Wednesday, September 28, 2016

Shades of meaning

My wife and I had a brief conversation recently about one of her feet. I described it as a "sore foot." She corrected me, saying it was an "aching foot."

I have before me an old book called The Synonym Finder, a handier version of Roget's Thesaurus. I had this book on my desk for much of my career, and I continue to consult it on occasion. A synonym is, by definition, a word that means the same thing as another word. Yet as the exchange with my wife illustrated, synonyms aren't always synonymous. Different words, however close they may be in meaning, often mean slightly different things to different people in different situations.

The word sore may have suggested a more severe pain than my wife was experiencing, so she favored aching as the better choice. Or it may have suggested a less severe pain or an external pain rather than an internal pain or some other shade of meaning. I just know that one word correctly described how her foot felt, and the other didn't.

Here are some other synonyms for sore listed in The Synonym Finder: painful, tender, sensitive, raw, smarting, stinging, burning, inflamed, irritated, achy and hurting. You may have used each of these terms to describe a pain, but chances are you have never used all of them to describe the same pain. A stinging pain is quite different from a sensitive pain, which is not the same as an achy pain.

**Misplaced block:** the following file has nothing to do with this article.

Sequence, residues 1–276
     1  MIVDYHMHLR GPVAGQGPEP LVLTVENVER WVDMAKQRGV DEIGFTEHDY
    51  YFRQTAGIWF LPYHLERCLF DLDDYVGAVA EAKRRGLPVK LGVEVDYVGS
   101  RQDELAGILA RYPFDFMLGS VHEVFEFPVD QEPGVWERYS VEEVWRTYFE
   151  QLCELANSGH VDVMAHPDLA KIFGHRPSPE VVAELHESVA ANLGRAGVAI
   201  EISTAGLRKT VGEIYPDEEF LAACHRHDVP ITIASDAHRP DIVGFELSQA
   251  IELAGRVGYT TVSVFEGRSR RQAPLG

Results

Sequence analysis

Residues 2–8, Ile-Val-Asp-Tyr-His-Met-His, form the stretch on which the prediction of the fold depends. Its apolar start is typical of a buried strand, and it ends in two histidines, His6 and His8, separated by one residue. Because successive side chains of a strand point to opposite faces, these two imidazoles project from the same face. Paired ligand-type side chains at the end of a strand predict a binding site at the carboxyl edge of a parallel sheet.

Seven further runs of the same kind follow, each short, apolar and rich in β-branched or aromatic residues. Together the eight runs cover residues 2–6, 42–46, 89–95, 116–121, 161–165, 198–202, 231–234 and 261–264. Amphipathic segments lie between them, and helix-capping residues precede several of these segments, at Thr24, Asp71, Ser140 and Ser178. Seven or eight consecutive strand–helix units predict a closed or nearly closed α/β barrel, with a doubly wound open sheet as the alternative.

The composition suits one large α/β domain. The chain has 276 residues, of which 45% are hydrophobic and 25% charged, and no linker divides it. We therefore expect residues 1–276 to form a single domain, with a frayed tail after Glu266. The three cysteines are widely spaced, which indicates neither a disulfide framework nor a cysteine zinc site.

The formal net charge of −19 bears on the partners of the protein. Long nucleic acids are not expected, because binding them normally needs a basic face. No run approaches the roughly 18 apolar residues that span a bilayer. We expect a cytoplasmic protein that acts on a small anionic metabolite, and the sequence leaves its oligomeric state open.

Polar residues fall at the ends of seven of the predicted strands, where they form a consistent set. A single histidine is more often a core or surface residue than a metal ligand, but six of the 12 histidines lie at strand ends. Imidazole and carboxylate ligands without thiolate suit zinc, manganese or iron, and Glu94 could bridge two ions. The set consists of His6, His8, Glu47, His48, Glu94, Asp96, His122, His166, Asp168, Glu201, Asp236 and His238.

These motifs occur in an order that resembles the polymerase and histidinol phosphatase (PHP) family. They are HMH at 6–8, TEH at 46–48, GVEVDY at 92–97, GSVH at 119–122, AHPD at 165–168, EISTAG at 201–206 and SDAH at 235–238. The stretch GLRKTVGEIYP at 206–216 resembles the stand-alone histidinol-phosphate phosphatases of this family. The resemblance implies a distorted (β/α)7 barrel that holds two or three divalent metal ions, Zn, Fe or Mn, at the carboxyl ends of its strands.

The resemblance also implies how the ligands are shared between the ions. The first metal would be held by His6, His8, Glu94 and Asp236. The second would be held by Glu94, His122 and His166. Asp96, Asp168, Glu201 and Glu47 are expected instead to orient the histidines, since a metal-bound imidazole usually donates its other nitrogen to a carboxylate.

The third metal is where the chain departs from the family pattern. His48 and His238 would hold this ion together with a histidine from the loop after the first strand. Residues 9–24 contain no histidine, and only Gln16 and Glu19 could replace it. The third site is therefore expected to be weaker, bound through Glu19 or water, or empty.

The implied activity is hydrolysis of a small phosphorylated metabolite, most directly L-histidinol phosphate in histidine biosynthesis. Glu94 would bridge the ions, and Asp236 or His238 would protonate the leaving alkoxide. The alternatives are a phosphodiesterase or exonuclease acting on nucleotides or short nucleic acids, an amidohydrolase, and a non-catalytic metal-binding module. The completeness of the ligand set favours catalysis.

Or take the word stop. Suggested synonyms include pause, desist, cease, halt and quit. Yet each of these words suggests something a little different. A pause, for example, sounds temporary, while quit seems permanent. Words like desist, cease and halt sound more intimidating. The phrase cease and desist implies the two words don't mean the same thing. A border guard might say halt, but the rest of us don't use it much. We probably would be confused if an octagonal sign used any word other than STOP.

The English language has so many words that mean almost the same thing because it has adopted words from so many different sources: Anglo-Saxon, Norse, French, Latin and Greek, to name the main ones. Other languages may be purer, in the sense of being less influenced by other languages, and that can make finding the right word so much easier. There just are not as many options. English vocabulary, however, allows any number of nuanced meanings so that we can say we have a sore foot or an aching foot and
not necessarily mean the same thing.

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